IntroThis is short explanation on how to "take over" one (or more) CPU cores for user-space processing on Raspberry Pi with Linux.
Of course the general process is similar on any other linux platform.
ReasonsI was working on a project, where Raspberry Pi was used to generate specific waves in >Mhz bandwidth. The important part of the task, was to send the waveform to the GPIO outputs with high-accuracy timing requirements.
The Linux Kernel rescheduled my process from time to time - simply "stealing" my user-process time.
Linux is not real-time operating system. User-space threads/processes are rescheduled from time to time (Preemption) - this is how it works.
You can switch to RTOS to have better timing accuracy. However, Linux environment is rich in tools that may be hard to let go.
For 1-core CPU there is not much choice, Linux may be hard/impossible to tune to "almost realtime" performance.
However, for multi-core CPU, the idea of allocating one CPU-core to time-constrained task, while isolating this core from Linux scheduler is a potential solution.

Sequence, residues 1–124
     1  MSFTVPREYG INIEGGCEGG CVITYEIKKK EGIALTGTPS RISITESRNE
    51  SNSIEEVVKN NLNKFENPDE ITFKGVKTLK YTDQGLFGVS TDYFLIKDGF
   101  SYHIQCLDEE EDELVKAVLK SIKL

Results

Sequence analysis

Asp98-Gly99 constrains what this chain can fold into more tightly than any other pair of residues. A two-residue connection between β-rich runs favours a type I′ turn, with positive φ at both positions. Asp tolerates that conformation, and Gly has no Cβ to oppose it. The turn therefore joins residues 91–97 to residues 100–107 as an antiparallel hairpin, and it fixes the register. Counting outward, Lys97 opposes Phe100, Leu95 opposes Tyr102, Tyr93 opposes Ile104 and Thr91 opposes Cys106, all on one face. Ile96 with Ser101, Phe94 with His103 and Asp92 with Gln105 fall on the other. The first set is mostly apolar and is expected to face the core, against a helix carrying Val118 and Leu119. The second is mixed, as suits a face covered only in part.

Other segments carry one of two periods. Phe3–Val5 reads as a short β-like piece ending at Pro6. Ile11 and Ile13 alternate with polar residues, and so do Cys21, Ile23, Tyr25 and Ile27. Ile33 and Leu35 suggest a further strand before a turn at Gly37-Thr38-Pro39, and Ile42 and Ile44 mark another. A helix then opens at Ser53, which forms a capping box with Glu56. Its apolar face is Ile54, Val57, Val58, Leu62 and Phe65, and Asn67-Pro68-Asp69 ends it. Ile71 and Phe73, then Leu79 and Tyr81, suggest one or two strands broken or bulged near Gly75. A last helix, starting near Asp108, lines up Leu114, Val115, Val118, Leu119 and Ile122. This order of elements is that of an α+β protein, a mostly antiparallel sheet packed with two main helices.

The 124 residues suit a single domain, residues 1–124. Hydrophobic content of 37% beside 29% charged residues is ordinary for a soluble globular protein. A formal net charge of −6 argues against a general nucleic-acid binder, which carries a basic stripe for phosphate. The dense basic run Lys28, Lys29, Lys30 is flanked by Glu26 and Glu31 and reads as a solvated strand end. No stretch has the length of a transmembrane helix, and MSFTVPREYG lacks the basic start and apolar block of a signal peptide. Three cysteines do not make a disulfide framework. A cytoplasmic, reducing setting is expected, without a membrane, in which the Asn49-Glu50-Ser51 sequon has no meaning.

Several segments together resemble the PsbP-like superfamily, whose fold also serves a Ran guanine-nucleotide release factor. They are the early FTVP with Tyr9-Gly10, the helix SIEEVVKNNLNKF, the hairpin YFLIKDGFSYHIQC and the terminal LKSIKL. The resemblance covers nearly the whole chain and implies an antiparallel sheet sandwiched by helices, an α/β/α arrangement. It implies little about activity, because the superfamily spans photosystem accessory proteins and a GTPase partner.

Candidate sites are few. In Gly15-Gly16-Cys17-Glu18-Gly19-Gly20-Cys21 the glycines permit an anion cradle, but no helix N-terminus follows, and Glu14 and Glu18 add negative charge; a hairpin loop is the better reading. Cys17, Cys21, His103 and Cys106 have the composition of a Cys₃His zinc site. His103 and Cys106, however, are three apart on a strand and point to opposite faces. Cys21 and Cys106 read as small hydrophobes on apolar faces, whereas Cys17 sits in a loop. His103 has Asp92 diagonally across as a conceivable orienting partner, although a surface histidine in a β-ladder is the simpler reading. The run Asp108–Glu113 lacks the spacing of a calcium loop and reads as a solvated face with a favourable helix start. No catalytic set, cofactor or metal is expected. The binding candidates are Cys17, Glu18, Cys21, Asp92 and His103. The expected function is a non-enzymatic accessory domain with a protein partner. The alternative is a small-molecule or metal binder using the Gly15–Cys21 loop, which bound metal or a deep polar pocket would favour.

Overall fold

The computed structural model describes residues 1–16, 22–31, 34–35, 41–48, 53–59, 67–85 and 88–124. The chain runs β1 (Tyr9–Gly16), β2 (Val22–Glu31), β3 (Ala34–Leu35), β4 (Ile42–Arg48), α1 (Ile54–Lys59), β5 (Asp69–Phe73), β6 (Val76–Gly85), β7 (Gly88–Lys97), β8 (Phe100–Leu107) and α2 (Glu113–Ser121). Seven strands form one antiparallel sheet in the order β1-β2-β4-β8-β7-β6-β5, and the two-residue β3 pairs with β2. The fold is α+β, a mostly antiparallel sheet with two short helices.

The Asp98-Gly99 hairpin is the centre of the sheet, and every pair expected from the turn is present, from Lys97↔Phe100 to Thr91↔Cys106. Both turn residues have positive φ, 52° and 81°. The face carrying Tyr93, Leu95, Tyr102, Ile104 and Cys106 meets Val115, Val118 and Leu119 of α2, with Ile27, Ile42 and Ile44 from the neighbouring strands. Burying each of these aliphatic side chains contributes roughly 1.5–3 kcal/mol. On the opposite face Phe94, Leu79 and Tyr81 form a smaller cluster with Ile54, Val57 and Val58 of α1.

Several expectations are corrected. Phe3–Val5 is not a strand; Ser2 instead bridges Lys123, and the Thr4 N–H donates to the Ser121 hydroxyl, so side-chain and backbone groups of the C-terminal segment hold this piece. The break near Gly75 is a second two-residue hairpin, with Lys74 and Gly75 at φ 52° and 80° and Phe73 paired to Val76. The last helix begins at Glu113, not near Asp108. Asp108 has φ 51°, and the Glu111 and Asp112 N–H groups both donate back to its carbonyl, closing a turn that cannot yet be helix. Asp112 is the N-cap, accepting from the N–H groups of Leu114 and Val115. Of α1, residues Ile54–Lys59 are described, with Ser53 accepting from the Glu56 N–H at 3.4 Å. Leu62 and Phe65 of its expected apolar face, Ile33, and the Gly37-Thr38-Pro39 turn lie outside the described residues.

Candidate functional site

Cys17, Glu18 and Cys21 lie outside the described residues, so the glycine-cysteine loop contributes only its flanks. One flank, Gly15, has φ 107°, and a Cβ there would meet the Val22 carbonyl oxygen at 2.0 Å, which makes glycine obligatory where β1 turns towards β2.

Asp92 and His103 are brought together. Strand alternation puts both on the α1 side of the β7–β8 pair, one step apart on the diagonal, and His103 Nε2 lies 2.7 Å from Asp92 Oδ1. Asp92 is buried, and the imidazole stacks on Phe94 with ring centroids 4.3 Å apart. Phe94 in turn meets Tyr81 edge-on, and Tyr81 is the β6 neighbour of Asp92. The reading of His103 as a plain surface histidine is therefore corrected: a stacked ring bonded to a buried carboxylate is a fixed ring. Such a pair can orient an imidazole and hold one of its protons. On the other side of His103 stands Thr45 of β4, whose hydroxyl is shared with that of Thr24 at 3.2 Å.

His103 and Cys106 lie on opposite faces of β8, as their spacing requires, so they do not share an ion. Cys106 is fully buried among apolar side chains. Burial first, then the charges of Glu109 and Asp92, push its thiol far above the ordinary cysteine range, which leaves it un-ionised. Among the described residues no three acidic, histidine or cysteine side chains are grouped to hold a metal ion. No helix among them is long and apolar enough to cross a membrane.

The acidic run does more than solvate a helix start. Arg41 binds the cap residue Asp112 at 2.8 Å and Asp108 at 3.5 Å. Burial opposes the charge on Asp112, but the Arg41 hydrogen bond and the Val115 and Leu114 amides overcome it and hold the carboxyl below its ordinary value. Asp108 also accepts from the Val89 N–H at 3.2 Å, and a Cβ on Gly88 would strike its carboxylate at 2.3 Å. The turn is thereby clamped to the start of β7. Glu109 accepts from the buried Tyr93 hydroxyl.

Isolating the coreThe official way of isolating the CPU-core from Linux scheduler is to use kernel param isolcpus.
The file for passing arguments to the Linux kernel can be found in:
The full kernel params list for Raspberry Pi:
isolcpus paramThe full explanation of isolcpus parameter:
isolcpus= [KNL,SMP] Isolate CPUs from the general scheduler. Format: <cpu number>,...,<cpu number> or <cpu number>-<cpu number> (must be a positive range in ascending order) or a mixture <cpu number>,...,<cpu number>-<cpu number> This option can be used to specify one or more CPUs to isolate from the general SMP balancing and scheduling algorithms. You can move a process onto or off an "isolated" CPU via the CPU affinity syscalls or cpuset. <cpu number> begins at 0 and the maximum value is "number of CPUs in system - 1". This option is the preferred way to isolate CPUs. The alternative -- manually setting the CPU mask of all tasks in the system -- can cause problems and suboptimal load balancer performance.
Checking current statusTo check what cores are currently isolated:
empty line means no CPU-core isolated.
$ cat /sys/devices/system/cpu/isolated
After setting isolcpus:
the system should report:
$ cat /sys/devices/system/cpu/kernel_max 3
Your processTo see the assignment of core to process really works, start:
and press "f", then enable:
and back in process list you should find a new column showing the "last used core".
P = Last Used Cpu (SMP)
If what you're running is a non-main thread, then start top with -H:
to see child threads on the list.